Outdoor Maths: Creating 3D Shapes from Sticks

21 March 2012 · 0 comments

in Maths Outdoors

I love learning outside for many reasons, not least because I’m a seeker of “Divine Aha!” moments. This is when the light dawns or a spark of an idea catches alight and sets my mind on fire.

Earlier this year, I was browsing the Muddy Faces website. This is THE online shopping website for Forest School equipment and contains all sorts of exciting things that even a DIY store can’t match. Sitting in one section was a cube made from sticks.



In the past I had made nets from bamboo canes. I have to tell you that they are the poor relatives of real sticks. The bamboo is tricky to link together, even using the balls and connectors that are commercially available. In the past I’d used lot of masking tape with classes and created a lot of frustration when using bamboo.

What is interesting is that the metre-long sticks come with pre-drilled holes in either end. This means that little fingers can use washing line to tie the sticks together without having to know their lashing knots beforehand. Suddenly this increases the potential for creating dens from sticks. Different structures can be experimented with and in the process children are learning about the structure of 3D shapes as well as the technology aspects of den building.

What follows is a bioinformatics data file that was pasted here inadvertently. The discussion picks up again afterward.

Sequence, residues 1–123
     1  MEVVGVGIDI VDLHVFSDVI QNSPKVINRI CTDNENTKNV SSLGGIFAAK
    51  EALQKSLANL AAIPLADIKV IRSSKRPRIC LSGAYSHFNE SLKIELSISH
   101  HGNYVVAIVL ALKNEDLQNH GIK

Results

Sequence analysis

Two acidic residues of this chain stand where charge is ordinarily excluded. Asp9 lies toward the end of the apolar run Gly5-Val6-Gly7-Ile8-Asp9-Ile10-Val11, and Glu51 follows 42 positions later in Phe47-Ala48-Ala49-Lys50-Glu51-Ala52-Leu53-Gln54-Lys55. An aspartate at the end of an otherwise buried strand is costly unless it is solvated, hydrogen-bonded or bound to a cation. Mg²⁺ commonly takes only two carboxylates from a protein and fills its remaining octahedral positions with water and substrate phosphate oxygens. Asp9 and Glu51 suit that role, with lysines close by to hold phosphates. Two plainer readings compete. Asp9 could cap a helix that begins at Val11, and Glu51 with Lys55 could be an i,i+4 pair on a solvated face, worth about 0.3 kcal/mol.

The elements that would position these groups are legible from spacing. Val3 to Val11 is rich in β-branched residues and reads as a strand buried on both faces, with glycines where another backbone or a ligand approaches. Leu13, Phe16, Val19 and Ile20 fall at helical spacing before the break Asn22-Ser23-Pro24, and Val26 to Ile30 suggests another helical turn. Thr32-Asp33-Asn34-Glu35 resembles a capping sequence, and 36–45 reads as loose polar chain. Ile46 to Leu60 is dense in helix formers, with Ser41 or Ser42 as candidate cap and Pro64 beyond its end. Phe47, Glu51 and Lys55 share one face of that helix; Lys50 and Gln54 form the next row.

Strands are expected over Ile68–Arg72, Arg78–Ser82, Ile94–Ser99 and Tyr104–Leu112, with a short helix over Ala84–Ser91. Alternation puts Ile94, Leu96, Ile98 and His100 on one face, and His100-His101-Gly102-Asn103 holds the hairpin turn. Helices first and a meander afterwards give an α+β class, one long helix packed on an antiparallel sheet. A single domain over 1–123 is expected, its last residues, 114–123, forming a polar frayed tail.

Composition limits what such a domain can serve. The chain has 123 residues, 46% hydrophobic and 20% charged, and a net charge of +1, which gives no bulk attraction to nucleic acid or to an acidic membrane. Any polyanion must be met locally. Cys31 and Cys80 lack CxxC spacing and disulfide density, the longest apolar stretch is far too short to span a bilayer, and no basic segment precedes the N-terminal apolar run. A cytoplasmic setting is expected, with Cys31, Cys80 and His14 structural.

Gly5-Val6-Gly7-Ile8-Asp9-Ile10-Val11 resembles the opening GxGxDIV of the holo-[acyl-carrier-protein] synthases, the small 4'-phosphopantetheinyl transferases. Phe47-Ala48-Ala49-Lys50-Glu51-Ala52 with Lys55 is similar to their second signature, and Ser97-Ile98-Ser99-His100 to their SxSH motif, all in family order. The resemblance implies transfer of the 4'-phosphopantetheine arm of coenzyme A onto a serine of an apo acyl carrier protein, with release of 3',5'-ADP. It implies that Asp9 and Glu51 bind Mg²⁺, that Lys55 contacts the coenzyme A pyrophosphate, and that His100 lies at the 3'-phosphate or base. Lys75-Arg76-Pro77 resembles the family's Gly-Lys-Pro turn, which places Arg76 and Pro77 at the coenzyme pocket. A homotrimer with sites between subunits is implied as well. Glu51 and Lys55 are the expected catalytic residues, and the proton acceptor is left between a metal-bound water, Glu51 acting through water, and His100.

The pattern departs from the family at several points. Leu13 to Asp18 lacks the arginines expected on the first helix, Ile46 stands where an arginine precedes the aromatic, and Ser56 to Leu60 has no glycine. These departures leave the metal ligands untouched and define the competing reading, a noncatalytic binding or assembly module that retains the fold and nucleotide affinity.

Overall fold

Last Friday, at the Grounds for Learning NatNet Conference, one group of participants had to create the biggest 3D shape using the 1-metre sticks which would hold its shape and not collapse.

Whilst investigating 3D nets is an upper primary activity by tradition, I’m sure many pre-school practitioners would agree that this sort of challenge is something that some younger children really enjoy. I’ve noticed this before when working on maths challenges outside. It seems that upper primary expectations are best begun in a play context earlier on which enables children to have the pre-requisite concrete experiences. In turn this leads to understanding, creating and applying the skills learned once the children become older. Furthermore this is far more challenging than a set of plastic polyhedrons that click together which is often the norm in many classrooms.

A natural progression from simply building 3D structures is to create their 2D nets on the ground before hand and move this into a 3D structure. Remember there are 11 possibilities alone for a cube!

So once again, sticks are making maths ever-more interesting outside. Long may the creative potential of sticks be celebrated and enjoyed.

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